HTC offers Canadians a ‘quietly brilliant’ Hero

Smartphone maker HTC Corp. unveiled an exclusive device with Telus Mobility backed by a major ad campaign in a bid to raise its brand awareness levels to rival those of Apple Inc. and Research in Motion Limited.

Perhaps the Taiwan-based firm named its new Google Android-based device “Hero” because it hopes the phone will propel its brand into the limelight. Hero was made available Nov. 5 as Telus launched a new HSPA network that it shares with Bell Canada.

Hero is the third Android-based phone to be commercially available in Canada.

Rogers Wireless launched HTC Dream and Magic phones earlier this year. But the HTC device runs a more updated version of Android, with HTC’s Sense interface overlaid to boot.

It’s definitely a play for the consumer market, says Kevin Restivo, mobile research analyst at Toronto-based IDC Canada.

“The launch comes at a particularly great time from a market perspective,” he says. “The fact that HTC is trying to capitalize on a big growth opportunity makes this a smart introduction.”

HTC hopes the phone also makes some headway with the “prosumer” market and among small business operators.

Small business owners may benefit from integration with Google services, says Keith Nowak, senior public relations manager at HTC. Many rely on the free services already.

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“The HTC Hero does have many good features for Exchange support, Calendar, things like that,” he says “But I think where really the device shines is in its integration with Google services.”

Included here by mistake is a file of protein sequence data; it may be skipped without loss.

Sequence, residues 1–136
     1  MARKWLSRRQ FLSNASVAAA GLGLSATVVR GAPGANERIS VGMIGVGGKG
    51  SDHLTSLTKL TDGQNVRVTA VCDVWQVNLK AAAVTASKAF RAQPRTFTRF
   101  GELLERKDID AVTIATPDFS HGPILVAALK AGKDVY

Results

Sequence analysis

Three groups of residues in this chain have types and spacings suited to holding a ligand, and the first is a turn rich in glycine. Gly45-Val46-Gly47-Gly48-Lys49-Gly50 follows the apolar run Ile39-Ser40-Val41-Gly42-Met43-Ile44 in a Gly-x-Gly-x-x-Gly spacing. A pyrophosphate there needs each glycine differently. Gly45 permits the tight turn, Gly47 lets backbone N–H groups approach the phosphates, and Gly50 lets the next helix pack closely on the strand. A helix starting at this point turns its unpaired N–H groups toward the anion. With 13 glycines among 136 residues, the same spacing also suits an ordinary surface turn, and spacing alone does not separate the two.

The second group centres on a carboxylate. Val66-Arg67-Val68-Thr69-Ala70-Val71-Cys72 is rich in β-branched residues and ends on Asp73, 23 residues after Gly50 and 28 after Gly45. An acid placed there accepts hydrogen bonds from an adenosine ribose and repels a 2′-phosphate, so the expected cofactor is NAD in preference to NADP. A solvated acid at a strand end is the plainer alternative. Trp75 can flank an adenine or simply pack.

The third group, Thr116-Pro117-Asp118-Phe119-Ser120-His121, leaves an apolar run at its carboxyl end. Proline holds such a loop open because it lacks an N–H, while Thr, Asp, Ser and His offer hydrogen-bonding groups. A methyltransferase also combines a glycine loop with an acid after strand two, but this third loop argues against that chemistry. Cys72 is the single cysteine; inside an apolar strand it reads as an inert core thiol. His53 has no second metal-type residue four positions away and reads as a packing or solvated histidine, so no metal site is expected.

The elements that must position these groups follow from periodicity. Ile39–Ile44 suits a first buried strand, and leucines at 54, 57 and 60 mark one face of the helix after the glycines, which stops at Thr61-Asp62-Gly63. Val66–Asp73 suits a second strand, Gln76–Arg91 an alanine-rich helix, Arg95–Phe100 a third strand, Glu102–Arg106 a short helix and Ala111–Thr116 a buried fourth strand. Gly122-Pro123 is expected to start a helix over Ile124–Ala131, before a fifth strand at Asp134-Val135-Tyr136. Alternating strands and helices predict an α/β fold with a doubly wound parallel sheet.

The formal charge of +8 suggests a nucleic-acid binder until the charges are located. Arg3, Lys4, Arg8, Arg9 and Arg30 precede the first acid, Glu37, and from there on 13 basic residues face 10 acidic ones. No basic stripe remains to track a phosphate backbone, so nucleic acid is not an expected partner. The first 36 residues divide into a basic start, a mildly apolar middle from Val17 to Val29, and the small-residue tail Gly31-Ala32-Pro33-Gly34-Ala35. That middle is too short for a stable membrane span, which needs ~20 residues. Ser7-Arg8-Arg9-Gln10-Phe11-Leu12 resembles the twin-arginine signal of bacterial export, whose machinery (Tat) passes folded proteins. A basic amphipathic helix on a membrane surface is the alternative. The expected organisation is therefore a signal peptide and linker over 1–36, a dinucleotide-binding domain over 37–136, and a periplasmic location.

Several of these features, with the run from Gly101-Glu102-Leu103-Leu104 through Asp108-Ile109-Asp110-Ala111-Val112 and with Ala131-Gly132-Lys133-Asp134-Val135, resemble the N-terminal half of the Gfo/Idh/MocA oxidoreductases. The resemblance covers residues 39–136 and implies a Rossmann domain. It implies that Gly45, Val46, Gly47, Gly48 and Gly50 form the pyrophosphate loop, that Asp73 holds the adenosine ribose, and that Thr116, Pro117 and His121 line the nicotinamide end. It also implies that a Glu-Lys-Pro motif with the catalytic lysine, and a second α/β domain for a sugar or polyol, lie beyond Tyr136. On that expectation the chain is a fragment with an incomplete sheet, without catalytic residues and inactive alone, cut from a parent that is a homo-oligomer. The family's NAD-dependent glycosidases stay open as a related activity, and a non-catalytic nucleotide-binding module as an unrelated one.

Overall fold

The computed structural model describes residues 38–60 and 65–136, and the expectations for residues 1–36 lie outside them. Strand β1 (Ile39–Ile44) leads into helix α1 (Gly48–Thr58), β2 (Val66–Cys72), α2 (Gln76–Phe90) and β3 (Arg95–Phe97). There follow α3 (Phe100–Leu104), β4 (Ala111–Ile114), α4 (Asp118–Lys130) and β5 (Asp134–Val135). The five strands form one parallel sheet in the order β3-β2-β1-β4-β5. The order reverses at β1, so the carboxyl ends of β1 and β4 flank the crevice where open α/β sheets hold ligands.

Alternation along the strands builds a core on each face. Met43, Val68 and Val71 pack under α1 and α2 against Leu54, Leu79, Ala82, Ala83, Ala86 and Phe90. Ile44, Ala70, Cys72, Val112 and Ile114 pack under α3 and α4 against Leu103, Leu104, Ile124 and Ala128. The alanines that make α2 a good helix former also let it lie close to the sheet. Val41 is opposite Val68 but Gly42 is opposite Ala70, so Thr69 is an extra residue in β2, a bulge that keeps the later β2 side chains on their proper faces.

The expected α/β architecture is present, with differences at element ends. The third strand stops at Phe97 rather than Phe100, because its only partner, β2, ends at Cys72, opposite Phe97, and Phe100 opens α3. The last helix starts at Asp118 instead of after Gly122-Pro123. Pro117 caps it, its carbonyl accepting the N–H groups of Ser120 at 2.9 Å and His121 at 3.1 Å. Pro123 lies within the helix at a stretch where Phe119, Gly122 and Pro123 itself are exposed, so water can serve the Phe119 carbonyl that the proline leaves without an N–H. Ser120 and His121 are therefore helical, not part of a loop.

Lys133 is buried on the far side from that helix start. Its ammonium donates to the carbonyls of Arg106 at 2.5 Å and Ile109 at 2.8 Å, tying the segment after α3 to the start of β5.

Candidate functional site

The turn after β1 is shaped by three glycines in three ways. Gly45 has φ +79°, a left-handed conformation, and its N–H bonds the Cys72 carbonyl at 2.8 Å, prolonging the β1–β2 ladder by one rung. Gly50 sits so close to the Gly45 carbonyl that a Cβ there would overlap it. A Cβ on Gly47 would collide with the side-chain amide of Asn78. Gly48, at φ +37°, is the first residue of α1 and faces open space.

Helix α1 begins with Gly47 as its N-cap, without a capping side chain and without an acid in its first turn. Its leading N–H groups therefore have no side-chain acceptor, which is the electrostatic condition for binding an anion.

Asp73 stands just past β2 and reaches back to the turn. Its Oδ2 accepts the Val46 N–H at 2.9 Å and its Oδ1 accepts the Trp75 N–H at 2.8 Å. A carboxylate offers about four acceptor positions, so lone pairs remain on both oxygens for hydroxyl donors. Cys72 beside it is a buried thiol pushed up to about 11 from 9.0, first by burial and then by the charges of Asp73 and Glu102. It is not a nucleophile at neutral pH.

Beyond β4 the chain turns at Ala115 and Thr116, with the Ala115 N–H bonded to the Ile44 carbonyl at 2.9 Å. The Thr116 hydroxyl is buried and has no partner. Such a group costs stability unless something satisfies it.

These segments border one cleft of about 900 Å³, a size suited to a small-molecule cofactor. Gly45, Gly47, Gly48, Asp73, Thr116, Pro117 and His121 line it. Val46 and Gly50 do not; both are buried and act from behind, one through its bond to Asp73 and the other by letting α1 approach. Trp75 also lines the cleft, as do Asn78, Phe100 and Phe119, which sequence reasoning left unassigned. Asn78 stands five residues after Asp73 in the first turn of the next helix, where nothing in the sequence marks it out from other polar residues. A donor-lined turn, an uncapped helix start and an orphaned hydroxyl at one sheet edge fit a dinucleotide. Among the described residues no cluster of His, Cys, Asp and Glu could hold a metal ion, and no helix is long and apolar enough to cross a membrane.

Android features a Google Search bar on its home screen (it can be removed by the user) and also syncs with Google’s Calendar and Contacts services. HTC’s Sense user interface combines some of these information windows to display alongside one another – for instance, displaying favourite contacts next to oft-used applications.

There’s also a unified contact view. A contact’s profile displays e-mails, text messages, Facebook status, and phone calls logged with that person.

“It’s not about glossing over what Android has done, because it is really a good OS,” Nowak says.

HTC is complementing the phone launch with a major effort to boost its brand. It has purchased large billboard ads in London’s Trafalgar Square, New York’s Times Square and Toronto’s Dundas Square.

It has also produced 30 second and 60 second TV commercials featuring the tagline “you don’t need to get a phone, you need a phone that gets you.” The motto “quietly brilliant” has also been affixed to the HTC logo. The slogan is an allusion to HTC’s choice to not brand its devices for some time, allowing carriers to brand the phones.

That sort of brand presence is needed to compete in a tough smartphone market, Restivo says.

“If HTC makes Hero a success in Canada, it will be because it resonates with consumers,” he says. “Android may serve as a good underpinning, but it’s incumbent upon HTC to further its brand name here.”

HTC also creates Windows Mobile-based smartphones and will continue to do so, Nowak says. It will soon bring the HTC HD2 phone to North America. Currently only available in Europe, the phone features Windows Mobile 6.5 and the Sense interface.

“We’re not giving up on our efforts for Windows Mobile. But we’re certainly pushing the envelope on Android too,” he says.

Telus has already announced its next Android-based device. The Motorola Milestone will feature Android 2.0 and is to be launched in the New Year.

HTC Hero stats at a glance

Notable features include a 5 megapixel camera and Wi-Fi, and a nice display. Here’s a more detailed list:

  • Size: 112 mm tall by 56.2 mm wide by 14.3 mm deep, weights 135 grams
  • Connectivity: HSPA, Bluetooth, WiFi, and mini-USB
  • Camera: 5.0 megapixel with autofocus and video mode
  • Memory: 512 MB onboard, microSD expandable up to 16 GB (comes with 2 GB in box)
  • Display: 3.2-inch touch screen with 320×480 resolution
  • Battery: 1350 mAh for an estimated 420 minutes talk time and up to 750 hours standby

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